WASHINGTON (TheStreet) -- The U.S. Senate on Tuesday kicked off three days of hearings to discuss the Clean Energy Jobs and American Power Act, an 821-page bill meant to create green-technology jobs and reduce global warming. The bill has bolstered interest in a hot topic among university research labs, venture capitalists and companies like ExxonMobil (Stock Quote: XOM) and Cisco Systems (Stock Quote: CSCO), which have invested in solar energy and smart grid technology.
"Energy economy is the mother of all economies," says Senator John Kerry, a Democrat from Massachusetts, who co-authored the bill with Senator Barbara Boxer, a Democrat from California. By encouraging investments in solar, wind and geothermal power, "we're going to create the equivalent of five or 10 Googles."
Clean energy has been a focus for the Obama administration. The American Recovery and Reinvestment Act of 2009, signed into law in February, put $16.8 billion toward energy efficiency and renewable-power initiatives. On Tuesday, the president announced a $3.4 billion investment in so-called "smart grid" technology, which aims to foster conservation efforts in homes and at the nation's power plants. A hundred private companies in 49 states (all but Alaska) benefited from the grants, the largest of which is a $200 million investment in Florida Power and Light.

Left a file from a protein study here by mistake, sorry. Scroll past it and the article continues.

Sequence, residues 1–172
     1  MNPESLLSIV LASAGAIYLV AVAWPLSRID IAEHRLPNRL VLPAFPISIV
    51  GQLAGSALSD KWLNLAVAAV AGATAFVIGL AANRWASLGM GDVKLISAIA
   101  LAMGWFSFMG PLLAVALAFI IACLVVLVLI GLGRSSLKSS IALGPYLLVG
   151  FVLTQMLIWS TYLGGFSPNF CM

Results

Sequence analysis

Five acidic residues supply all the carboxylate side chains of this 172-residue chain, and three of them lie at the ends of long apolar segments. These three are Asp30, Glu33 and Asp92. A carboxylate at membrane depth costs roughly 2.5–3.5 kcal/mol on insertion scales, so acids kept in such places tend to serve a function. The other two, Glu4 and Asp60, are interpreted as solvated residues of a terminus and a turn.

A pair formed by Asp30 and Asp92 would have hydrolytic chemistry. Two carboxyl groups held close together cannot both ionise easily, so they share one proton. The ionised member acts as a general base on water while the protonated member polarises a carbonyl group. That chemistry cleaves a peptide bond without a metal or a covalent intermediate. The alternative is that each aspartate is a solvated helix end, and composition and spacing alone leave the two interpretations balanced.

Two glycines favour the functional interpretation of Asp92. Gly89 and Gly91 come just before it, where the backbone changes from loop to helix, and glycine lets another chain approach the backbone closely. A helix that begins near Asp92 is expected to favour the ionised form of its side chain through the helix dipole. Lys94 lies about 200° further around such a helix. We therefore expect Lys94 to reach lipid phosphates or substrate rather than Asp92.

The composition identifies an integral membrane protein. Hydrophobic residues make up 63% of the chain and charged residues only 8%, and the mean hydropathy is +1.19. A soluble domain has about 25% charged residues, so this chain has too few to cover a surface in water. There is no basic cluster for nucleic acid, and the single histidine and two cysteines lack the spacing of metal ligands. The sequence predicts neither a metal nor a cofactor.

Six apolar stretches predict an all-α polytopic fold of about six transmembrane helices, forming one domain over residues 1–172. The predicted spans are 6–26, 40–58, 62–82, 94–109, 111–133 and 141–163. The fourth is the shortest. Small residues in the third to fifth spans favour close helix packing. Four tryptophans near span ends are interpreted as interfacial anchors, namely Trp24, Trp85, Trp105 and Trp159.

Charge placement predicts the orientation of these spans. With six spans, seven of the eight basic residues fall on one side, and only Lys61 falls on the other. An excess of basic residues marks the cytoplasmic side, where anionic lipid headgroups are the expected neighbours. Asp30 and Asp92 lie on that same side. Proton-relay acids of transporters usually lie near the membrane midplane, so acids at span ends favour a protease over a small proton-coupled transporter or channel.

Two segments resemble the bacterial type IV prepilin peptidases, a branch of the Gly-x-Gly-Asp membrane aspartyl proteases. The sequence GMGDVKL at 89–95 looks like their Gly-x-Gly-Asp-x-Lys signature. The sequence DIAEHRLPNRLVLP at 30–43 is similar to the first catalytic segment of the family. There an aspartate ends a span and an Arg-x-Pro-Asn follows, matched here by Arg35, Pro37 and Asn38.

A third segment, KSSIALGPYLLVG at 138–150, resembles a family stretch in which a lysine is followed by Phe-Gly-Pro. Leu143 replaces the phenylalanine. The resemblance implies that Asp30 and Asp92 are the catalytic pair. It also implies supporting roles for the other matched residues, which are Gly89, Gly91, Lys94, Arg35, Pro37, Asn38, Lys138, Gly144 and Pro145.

Before he took the stage last week for a half-hour speech touting the business benefits of clean technology, President Barack Obama met with scientists at the Massachusetts of Technology who have dedicated their lives to the subject.
Techies who received face time with the president included Professor Marc Baldo, whose team has developed a device that collects sunlight for solar cells, enabling more energy output with fewer cells (solar cells are expensive); Vladimir Bulovic, who studies quantum-dot lighting, a technology that produces highly-efficient white light (artificial lighting eats 22% of the electricity in the U.S., according to M.I.T.); Angela Belcher and Paula Hammond, who are growing batteries in a lab at room temperature and without any toxic materials; and Alex Slocum, who's developing an offshore renewable energy system that can store wind power.
Slocum says that his work has not received government funding, adding that it's too soon to say whether his research will yield a company.